Membership Meeting – April 18th, 2024

Welcome Back, Members!

Happy April, and thanks for joining us for a very informative Membership meeting! 

This month, we dove deep into the evolving landscape of behavioral health crisis response in King County, bolstered by insights on the forthcoming implementation of the Crisis Care Center Levy. We also shared updates from the Coalition on our ongoing legal advocacy for the rights of those experiencing homelessness, particularly as the pivotal case, Grants Pass v. Johnson, approaches its hearing before the U.S. Supreme Court. You can watch the meeting or read on for a summary of what we learned from our friends at Regional Crisis Response and King County Behavioral Health and Recovery Division.

The Current Landscape of Crisis Response – Someone to Respond

We were joined by Brook Buettner, the Director of Regional Crisis Response in North King County, who helped shed light on what crisis response currently looks like in King County. 

Hear directly from Brook on our YouTube recording.

Brook shared slides about where crisis responders fit in the continuum of care and how the Regional Crisis Response (RCR) team is re-imagining public safety. 

In their service area, RCR is deployed alongside fire and police as a “co-response” – a model  many regions of WA are moving towards in which many emergencies call for other resources beyond a “badge and a gun” to keep communities safe.

RCR is staffed by clinical social workers – at least half of whom have lived experience. The team responds to moments of crisis and acute emergency calls, including but not limited to folks living homeless, opioid and fentanyl crises, and trafficking. Their services include immediate de-escalation, informal assessment (not diagnosing or treating), and referrals to the Community of Care. Since their launch in 2017, they have collected the following outcome data:

Beyond the emergency department and jail, folks need a place to go. Brook shared that a Crisis Clinic called Connections Health Crisis Triage Facility is coming to Kirkland in July. This walk-in behavioral health urgent care facility will be accessible to anyone (regardless of insurance) over 18. Emergency responders can bring people in for urgent care, longer-term hospitalization, and follow-up until clients are engaged in ongoing outpatient care. To hear more about how the county is preparing to better serve folks in the continuum of care, we heard directly from King County Regional Crisis Response Division team members.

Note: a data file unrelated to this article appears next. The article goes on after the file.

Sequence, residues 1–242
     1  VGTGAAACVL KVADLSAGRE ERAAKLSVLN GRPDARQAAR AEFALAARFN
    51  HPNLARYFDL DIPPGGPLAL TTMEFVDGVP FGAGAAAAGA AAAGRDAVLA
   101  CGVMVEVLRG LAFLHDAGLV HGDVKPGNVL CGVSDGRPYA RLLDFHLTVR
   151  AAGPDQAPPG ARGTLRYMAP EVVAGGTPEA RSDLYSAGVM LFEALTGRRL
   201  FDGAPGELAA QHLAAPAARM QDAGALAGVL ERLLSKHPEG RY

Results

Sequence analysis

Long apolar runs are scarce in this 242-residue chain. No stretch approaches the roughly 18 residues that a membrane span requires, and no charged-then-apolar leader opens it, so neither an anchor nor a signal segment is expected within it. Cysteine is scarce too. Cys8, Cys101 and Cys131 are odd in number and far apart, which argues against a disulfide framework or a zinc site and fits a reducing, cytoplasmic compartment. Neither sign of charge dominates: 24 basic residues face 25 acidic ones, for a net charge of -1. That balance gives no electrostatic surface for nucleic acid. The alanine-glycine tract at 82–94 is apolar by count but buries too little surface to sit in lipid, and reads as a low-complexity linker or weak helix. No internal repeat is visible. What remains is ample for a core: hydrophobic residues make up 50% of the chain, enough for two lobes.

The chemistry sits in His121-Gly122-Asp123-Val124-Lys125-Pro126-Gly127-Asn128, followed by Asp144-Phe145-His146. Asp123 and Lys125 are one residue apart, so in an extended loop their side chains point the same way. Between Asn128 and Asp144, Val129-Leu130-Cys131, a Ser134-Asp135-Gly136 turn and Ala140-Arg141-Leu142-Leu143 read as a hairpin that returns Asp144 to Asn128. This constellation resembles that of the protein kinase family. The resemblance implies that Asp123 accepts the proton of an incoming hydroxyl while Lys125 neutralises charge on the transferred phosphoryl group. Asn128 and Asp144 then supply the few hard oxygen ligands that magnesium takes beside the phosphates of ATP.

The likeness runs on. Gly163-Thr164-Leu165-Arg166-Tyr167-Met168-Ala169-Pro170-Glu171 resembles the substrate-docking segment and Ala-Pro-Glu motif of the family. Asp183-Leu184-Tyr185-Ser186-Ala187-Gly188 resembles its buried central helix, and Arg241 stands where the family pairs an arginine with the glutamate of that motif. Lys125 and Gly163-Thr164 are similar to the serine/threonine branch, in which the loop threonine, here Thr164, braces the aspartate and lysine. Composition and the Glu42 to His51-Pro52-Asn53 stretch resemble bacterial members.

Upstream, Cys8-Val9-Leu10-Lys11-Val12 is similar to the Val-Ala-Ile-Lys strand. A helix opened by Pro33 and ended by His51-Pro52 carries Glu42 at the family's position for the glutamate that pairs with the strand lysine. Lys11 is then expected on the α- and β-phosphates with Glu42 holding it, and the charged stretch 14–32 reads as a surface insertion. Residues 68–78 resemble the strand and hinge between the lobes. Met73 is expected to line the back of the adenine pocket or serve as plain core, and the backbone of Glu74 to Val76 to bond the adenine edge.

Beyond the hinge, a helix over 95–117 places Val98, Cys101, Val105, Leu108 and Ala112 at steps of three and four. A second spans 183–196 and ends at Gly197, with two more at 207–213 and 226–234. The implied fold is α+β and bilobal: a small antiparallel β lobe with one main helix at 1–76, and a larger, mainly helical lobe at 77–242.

The Future of Crisis Response – Somewhere Safe to Go

The largest gap in the continuum of care for our community’s behavioral health crisis response is a safe place to go – or Crisis Care Centers. To help us better understand what the future of crisis response looks like, we were joined by Behavioral Health and Recovery Division Director Susan McLaughlin and Crisis Care Implementation Director Kate Baber, who updated us on the Crisis Care Center Levy plans. 

Hear directly from Susan and Kate on our YouTube recording.

Crisis Care Levy Highlights

  • Approval and legislative progress of the $1.2 billion levy aimed at developing a regional network of 5 Crisis Care Centers.
  • The centers will offer 24/7 behavioral health urgent care, a 23-hour observation unit, crisis stabilization units for up to 14-day stays, and several weeks of follow-up care to ensure safe community reintegration.

Timeline 

  • 2024 will see expansions in Mobile Crisis Teams, embedding of behavioral health counselors in 911 call centers, and broader distribution of opioid overdose reversal medications.
  • 2026 aims to be the operational launch of the Crisis Care Centers.

All this information is available in their slide deck, including their list of current resources for those experiencing behavioral health crises and ways to stay engaged. 

Questions about Crisis Care Centers and interim resources? Contact King County DCHS.

Legal Advocacy: Learn the Landscape and Get Involved

Our Director Alison briefed us on the upcoming Supreme Court case, Gloria Johnson v. Grants Pass. This significant case could set a national precedent regarding the rights of individuals experiencing homelessness. Visit the National Homelessness Law Center’s website for more details.

Join Us

Take advantage of our Community Advocacy Briefing with the ACLU and NW Justice Project on April 30, from noon to 1:30 p.m., for a comprehensive discussion on the implications of this case and others like Hale vs. Burien.

We’re excited to see you at our next Annual Membership Meeting on May 16th as we celebrate 45 years of the Coalition’s efforts and achievements. Keep up with the Coalition to stay informed about our advocacy work, provider training, and more. Sign up for our emails and stay connected!